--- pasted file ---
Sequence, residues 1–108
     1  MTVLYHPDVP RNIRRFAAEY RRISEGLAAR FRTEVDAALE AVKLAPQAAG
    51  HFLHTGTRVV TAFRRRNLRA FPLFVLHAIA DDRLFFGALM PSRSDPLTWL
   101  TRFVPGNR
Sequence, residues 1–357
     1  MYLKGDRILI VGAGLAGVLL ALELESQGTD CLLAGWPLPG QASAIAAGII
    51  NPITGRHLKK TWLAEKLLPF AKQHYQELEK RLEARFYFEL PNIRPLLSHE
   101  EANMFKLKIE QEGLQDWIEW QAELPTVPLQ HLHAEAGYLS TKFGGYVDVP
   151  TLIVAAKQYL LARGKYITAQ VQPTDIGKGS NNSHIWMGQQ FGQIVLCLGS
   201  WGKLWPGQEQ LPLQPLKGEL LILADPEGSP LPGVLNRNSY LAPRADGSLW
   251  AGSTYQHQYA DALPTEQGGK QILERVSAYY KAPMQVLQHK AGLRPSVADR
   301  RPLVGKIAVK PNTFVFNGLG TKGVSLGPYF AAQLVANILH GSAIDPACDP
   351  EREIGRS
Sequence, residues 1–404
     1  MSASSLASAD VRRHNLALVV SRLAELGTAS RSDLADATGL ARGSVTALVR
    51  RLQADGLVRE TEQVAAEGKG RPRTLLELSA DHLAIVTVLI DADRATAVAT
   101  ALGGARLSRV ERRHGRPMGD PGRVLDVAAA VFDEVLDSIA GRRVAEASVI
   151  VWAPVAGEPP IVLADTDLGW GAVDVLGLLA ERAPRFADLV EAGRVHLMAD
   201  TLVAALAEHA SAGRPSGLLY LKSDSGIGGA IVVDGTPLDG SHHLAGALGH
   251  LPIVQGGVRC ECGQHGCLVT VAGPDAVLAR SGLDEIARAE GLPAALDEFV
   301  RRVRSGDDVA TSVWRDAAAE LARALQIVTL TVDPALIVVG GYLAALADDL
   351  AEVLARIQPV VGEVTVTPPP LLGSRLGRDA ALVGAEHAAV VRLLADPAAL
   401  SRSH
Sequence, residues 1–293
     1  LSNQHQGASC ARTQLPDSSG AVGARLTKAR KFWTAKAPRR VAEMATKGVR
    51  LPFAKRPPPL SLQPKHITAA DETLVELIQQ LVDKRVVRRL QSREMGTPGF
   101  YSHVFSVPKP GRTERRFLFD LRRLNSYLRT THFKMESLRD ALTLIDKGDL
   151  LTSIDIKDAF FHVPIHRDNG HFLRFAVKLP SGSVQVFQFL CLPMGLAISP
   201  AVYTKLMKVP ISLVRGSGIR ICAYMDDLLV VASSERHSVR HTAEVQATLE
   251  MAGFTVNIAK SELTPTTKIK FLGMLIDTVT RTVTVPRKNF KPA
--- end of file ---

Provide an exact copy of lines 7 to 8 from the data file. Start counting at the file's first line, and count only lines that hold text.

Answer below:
    51  NPITGRHLKK TWLAEKLLPF AKQHYQELEK RLEARFYFEL PNIRPLLSHE
   101  EANMFKLKIE QEGLQDWIEW QAELPTVPLQ HLHAEAGYLS TKFGGYVDVP